Father’s Day Flood, 1986

Poem published in Confluence, May, 1997.

They’re cutting hay in the Driftwood watershed. Great thick swathes of hay, rolling out behind the mowers. Not like last year when early heat and almost no rain burned the fields into spindly stalks. It’s been cool this spring, and moist, with just enough heat to warm the soil. And the midsummer light, the lushness of it! As we tilt toward the solstice, the sky keeps opening up. Our old cat stays outside all night, prowling in the barn, playing tag with the pine marten.

Driftwood Creek is, however, is already past its solstice. A couple of weeks ago we had heavy rain and the creek came up into its final muddy freshet. The snow is almost gone up high and on this Father’s Day, the creek was subsiding into its blue-green summer colours.

Things were different in 1986. Lynn had just come home from an emergency medical trip to Vancouver, a trip that turned his thoughts again to nursing. We were glad to have him home to celebrate Father’s Day, but it had been raining for three days straight. Hard, hard rain, pelting down. Coastal rain. And there was a lot of snow in the mountains that year.

We lay in bed, listening to boulders rumbling down the creek. It was an unnerving sound. Our house is a few hundred metres from the creek; our bedroom was on the other side of the house. The phone rang. It was our neighbour down the road, Sonja Lester, who lived just below the bridge that connected us to the outside world. Don’t try to drive to town, she said. The bridge is in our yard.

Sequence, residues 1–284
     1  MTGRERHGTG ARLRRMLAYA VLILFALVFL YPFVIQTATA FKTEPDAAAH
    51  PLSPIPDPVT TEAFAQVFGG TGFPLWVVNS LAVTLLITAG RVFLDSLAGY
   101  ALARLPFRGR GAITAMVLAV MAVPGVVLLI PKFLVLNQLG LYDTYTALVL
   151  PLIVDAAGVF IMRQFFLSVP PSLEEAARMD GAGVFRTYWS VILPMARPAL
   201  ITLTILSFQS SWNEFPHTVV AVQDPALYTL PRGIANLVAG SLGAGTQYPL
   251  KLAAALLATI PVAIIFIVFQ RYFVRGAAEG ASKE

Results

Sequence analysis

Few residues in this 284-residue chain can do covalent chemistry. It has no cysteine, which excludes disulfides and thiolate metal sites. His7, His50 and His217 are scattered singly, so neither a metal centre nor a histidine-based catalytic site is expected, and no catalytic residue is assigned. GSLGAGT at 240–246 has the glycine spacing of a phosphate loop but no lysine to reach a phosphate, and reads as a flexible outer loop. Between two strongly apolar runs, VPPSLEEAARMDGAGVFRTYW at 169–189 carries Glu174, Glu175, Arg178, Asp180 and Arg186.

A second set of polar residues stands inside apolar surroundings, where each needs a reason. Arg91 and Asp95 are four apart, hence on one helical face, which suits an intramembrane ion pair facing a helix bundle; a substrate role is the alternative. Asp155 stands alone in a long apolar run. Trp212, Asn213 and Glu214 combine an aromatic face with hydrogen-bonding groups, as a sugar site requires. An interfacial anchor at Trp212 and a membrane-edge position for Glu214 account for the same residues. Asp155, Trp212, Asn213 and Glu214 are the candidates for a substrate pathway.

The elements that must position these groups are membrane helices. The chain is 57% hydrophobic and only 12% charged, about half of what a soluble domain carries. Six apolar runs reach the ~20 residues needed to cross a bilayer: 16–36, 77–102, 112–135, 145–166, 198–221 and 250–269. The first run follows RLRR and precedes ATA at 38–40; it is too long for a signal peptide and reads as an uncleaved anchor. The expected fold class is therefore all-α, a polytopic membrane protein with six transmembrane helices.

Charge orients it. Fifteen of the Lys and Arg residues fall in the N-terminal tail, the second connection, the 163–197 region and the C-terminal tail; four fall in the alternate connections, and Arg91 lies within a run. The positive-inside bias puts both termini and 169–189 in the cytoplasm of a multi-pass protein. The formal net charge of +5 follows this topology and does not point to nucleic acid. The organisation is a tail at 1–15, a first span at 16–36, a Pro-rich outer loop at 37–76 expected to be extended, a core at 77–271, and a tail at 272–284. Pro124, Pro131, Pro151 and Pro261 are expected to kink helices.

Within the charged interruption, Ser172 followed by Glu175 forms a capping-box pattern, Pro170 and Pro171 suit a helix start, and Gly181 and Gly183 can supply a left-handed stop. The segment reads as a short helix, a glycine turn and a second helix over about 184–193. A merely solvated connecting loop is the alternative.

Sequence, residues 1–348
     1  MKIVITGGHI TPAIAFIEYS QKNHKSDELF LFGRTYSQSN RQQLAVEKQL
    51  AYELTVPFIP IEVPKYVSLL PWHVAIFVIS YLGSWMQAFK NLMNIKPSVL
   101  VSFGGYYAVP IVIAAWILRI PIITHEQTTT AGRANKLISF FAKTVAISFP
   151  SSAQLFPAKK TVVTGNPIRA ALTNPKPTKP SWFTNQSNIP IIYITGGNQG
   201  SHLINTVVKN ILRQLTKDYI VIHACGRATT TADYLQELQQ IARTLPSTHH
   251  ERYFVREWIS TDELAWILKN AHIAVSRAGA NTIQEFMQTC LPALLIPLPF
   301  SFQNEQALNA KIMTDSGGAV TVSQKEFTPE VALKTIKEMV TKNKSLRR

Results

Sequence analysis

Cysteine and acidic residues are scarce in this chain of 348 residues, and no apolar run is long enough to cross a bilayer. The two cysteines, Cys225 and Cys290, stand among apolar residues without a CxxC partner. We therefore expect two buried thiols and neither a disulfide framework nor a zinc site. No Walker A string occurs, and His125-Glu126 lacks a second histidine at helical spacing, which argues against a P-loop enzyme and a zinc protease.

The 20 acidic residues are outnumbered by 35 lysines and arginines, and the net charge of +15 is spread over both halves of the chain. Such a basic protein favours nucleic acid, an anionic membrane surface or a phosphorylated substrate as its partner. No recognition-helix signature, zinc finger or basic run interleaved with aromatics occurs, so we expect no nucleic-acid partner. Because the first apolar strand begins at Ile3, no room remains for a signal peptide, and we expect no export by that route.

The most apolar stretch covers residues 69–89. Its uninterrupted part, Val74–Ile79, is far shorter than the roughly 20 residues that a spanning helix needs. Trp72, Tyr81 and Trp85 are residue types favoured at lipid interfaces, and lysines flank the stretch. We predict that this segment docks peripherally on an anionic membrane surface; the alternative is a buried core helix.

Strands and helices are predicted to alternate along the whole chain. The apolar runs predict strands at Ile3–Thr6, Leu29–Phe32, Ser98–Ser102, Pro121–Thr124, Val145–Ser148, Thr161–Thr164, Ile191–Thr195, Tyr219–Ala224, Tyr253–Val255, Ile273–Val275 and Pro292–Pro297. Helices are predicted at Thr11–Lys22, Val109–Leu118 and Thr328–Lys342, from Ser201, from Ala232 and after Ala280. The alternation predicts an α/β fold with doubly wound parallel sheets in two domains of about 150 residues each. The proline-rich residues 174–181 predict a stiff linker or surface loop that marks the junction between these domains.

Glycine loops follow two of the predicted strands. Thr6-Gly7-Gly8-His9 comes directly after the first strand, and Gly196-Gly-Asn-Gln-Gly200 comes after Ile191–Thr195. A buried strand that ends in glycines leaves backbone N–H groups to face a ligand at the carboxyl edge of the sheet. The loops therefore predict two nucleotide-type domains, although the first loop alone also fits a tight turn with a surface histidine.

The first bridge on Driftwood Road is ripped out by the high waters of 1986. Sonya Lester says they figured the beaver dams just up the road blew out in a tidal wave of water and debris which picked up the bridge and carried it down to their yard.

 

Lesters’ house – the creek is on the left, the road is to the right, out of the picture.

We scrambled out of bed and high-tailed it over to the parking lot at the fossil beds where a car had spent the night. The bridge to the fossil beds was gone too and we had to shout to be heard. We told them to stay put. The bridge is at a bend in the road. You wouldn’t see that it was gone until you were damn near on it. They’d been camping further up, they said, but the rain and rising water sent them downstream. They’d been worried about the bridges above the Kings’ house, many of them makeshift contraptions. They thought they’d be fine here.

 

Juniper Ridington, (l) Antonia Mills, Michael (l) and Daniel Shervill at the bottom of our driveway where the current bridge crosses to the fossil beds.

We checked with our neighbours up the road. Antonia Mills, whose cabin perched on concrete posts, had seen her winter tires washed away as water ran right under the house. A bit further up Park Road, two families were cut off by the rising water. The Seychuks watched the creek cut a path to within a few metres of their house. A helicopter came to evacuate the Hamelinks. Further up, a section of road was cut away and the bridge just above Wayne and Gida Kings’ – then the last house on the road – washed out. It was several years before it was replaced, before hiking into the Babines from the Driftwood approach didn’t involve nerve-wracking crossings on slippery logs.

 

 

Herb Buchholz describes waking to find water rushing through the dip between their cabin and the driveway out. As well as the rest of his family, he had two little ones to care for – his 2- or 3-year-old granddaughter, Tasha, and a baby coyote one of his boys had rescued from the railway tracks. He strung a rope across the dip so they could safely cross – at one spot it was running pretty fast, he said. He was pleased when his old Ford pickup, half submerged in the water, started up first try and they were able to drive it out. Here his sons Karl (l) and Lyle make the crossing.

 

Sonja Lester writes: